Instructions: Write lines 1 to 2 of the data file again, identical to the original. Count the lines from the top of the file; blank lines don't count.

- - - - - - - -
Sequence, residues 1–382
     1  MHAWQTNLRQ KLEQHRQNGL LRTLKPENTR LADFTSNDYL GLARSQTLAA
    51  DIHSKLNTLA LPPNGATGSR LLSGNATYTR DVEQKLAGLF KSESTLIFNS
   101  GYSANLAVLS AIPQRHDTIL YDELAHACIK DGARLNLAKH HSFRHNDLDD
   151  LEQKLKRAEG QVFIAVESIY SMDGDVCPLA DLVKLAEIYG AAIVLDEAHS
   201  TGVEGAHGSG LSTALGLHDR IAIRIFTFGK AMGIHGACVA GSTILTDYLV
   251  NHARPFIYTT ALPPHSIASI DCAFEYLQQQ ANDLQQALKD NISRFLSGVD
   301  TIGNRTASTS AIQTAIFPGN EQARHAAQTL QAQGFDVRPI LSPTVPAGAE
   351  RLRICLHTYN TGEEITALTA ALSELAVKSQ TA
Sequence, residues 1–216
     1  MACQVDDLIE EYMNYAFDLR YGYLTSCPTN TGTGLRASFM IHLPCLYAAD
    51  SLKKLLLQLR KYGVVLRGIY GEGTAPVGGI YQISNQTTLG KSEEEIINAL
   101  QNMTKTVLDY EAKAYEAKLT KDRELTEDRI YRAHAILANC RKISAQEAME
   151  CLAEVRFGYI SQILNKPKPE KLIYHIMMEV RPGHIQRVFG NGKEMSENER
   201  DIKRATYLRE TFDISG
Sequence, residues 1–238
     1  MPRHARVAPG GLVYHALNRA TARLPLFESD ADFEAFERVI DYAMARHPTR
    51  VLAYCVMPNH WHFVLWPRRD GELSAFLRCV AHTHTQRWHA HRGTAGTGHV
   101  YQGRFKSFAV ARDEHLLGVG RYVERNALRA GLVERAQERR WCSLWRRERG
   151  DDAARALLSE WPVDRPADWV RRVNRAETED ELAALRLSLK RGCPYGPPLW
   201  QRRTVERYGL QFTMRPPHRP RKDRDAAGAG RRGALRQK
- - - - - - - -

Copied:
Sequence, residues 1–382
     1  MHAWQTNLRQ KLEQHRQNGL LRTLKPENTR LADFTSNDYL GLARSQTLAA